# Calculus of variations applied to geodesics

## Homework Statement

I'm working on a problem from my gravitation book. The question is the following:

Given \begin{equation} \frac{D}{Ds} T^\mu = 0 \end{equation}, where \begin{equation} T^\mu \left(s,a\right) = \frac{\partial z^\mu}{\partial s} \end{equation} is the tangent vector to a certain geodesic from a family of geodesics, indicated by parameter "a", at a distance s (coordinates are $$z^\mu$$ ). I now have to vary this equation with respect to a and point out the term in the resulting equation that is not covariant. I worked out a solution, but cannot find this noncovariant term.

## Homework Equations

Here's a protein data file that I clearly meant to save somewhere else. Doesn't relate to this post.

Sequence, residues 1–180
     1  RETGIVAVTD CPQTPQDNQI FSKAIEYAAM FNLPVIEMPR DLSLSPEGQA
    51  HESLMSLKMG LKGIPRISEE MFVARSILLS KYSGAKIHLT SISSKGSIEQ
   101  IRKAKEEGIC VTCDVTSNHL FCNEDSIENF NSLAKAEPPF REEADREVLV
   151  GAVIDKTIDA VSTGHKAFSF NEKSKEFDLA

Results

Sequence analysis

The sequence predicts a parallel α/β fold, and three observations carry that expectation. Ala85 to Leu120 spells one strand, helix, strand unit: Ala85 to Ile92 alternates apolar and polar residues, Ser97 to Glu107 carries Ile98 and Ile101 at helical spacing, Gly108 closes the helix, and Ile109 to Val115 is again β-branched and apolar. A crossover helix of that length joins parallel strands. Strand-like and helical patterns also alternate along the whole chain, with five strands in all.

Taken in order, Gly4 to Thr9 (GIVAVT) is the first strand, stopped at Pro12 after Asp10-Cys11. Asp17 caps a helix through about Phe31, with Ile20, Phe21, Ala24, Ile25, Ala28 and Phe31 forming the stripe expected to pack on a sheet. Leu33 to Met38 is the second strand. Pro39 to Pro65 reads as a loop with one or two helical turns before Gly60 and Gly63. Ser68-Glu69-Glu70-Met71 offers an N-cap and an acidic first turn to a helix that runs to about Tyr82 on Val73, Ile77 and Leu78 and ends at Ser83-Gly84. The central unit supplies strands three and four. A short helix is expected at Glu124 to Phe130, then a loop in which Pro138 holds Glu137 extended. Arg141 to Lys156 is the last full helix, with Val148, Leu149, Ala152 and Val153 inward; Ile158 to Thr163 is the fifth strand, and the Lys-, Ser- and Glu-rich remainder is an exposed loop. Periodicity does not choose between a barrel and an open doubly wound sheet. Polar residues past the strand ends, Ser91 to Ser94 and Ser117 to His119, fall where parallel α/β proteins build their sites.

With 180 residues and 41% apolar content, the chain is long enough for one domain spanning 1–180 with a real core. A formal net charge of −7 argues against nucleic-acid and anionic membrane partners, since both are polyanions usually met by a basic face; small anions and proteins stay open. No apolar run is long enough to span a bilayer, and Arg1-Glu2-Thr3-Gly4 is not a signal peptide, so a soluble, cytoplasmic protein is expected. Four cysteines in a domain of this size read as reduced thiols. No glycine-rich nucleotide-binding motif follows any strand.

\begin{equation} \delta \left( \left( \frac{D}{Ds} T^\mu \right) \right)= 0 \end{equation}

## The Attempt at a Solution

Variation:
\begin{equation} \delta \left( \frac{D}{Ds} T^\mu = 0 \right) \end{equation}
I tried the following:
\begin{equation} \frac{D}{Ds} T^\mu = T^\nu \nabla_\nu T^\mu =0 \end{equation}
and
\begin{equation} \delta \rightarrow \delta a \frac{\partial z^\lambda}{\partial a} \nabla_\lambda \end{equation}
I then get
\begin{equation} \delta a \frac{\partial z^\lambda}{\partial a} \left( \left( \nabla_\lambda T^\nu \right) \nabla_\nu T^\mu + T^\nu \nabla_\lambda \nabla_\nu T^\mu \right) =0 \end{equation}
All the terms between brackets seem however covariant. What is wrong in the derivation above? Should there be a partial derivative instead of a covariant derivative in the chain rule I used for the variation?

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